None dare call it treason

It was pretty clear that Army Sgt. Bowe Bergdahl was, at the very least, AWOL. It was far more likely, from the evidence provided by his Army mates who attempted to find him, that Bergdahl was a deserter. In case we’ve forgotten, desertion in time of war is punishable by execution. But let’s leave that for the time being; it’s not been proven in a court-martial that Bergdahl did desert. Due process and all of that.

But it was clear to anyone who has ever served in the military that what Bergdahl did was desertion. A despicable act in peace; an act that can cost lives in war. In this instance, Bergdahl’s actions, no matter what they are called in legal terms, apparently did result in the deaths of some of our servicemen who were sent on patrol to find him.

This was all known at the time of the infamous swap last year. Or should have been. But, in his rush to close our prison at Gitmo, Obama approved the swap. The best spin I can put on the action was that Obama, having made a campaign promise to close Gitmo, was not about to let anything stand in his way. Nevermind that those released are not unlikely to once again get into the business of killing Americans.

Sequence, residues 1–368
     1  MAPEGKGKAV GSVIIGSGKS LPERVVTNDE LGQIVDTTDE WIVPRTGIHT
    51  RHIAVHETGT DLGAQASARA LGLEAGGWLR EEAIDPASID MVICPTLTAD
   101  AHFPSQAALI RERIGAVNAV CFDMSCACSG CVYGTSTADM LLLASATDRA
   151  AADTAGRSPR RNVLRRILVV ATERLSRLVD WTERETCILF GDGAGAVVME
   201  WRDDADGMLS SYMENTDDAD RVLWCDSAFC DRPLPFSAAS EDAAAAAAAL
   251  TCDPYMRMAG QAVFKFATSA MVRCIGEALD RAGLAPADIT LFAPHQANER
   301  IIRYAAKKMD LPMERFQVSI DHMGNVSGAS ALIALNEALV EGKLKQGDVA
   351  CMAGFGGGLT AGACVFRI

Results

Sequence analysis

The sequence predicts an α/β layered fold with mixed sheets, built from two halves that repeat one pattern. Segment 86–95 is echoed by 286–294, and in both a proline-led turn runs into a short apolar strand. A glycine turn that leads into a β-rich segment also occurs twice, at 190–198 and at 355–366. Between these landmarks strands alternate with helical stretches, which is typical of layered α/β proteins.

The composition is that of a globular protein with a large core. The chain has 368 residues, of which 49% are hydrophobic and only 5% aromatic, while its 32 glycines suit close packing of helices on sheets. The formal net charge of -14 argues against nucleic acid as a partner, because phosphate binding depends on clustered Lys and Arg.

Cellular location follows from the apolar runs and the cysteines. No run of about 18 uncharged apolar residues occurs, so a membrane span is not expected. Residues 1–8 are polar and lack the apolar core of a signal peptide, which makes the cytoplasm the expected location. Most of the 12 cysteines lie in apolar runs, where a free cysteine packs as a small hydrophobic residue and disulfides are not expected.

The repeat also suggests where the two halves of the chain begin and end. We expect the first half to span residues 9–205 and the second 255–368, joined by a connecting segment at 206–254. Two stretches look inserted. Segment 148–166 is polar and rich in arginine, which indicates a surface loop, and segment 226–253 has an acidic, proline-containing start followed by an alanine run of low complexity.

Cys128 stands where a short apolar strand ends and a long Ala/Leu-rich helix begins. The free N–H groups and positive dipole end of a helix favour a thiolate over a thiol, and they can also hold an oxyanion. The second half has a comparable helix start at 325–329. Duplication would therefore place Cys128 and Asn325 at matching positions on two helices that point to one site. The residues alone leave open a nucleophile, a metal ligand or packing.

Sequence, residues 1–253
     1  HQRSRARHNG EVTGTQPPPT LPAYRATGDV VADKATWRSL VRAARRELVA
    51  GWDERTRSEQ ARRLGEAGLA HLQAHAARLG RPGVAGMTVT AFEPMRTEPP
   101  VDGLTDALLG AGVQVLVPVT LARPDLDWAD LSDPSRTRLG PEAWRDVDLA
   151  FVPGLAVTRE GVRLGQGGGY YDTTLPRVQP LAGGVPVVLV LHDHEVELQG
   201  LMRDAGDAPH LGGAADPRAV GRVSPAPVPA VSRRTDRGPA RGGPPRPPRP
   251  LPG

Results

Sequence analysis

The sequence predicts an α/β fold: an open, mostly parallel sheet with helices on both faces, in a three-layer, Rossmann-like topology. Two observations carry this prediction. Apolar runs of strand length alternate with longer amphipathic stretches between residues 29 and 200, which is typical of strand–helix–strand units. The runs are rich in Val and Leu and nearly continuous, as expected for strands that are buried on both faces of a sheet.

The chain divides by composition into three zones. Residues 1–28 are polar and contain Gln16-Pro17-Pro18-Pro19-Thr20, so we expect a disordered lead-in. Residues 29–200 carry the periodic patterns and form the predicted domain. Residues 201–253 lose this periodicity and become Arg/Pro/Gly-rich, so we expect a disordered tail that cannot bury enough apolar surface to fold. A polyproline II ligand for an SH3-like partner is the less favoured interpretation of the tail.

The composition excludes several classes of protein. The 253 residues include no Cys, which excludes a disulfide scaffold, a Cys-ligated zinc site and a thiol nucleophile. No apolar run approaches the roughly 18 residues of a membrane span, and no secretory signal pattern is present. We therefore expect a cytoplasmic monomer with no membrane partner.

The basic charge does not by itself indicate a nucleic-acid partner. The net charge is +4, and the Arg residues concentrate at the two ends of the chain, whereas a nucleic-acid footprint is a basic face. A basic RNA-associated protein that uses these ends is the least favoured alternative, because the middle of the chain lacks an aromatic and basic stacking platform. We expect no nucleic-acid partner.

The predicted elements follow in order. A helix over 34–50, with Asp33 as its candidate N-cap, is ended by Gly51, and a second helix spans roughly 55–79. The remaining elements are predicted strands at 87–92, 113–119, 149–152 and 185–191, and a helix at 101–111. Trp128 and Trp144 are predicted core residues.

From the Daily Beast:

The five Guantanamo detainees released by the Obama administration in exchange for America’s last prisoner of war in Afghanistan, Sgt. Bowe Bergdahl, are bad guys. They are top Taliban commanders the group has tried to free for more than a decade.

According to a 2008 Pentagon dossier on Guantanamo Bay inmates, all five men released were considered to be a high risk to launch attacks against the United States and its allies if they were liberated.

Now, from the U.S. Constitution, Article III, Section 3, the definition of treason:

Treason against the United States, shall consist only in levying war against them, or in adhering to their enemies, giving them aid and comfort.

What might an objective observer call the release of five hard-core terrorists in exchange for a probable Army deserter? Does this not fit the common-sense definition of “aid and comfort?”

I say it does.

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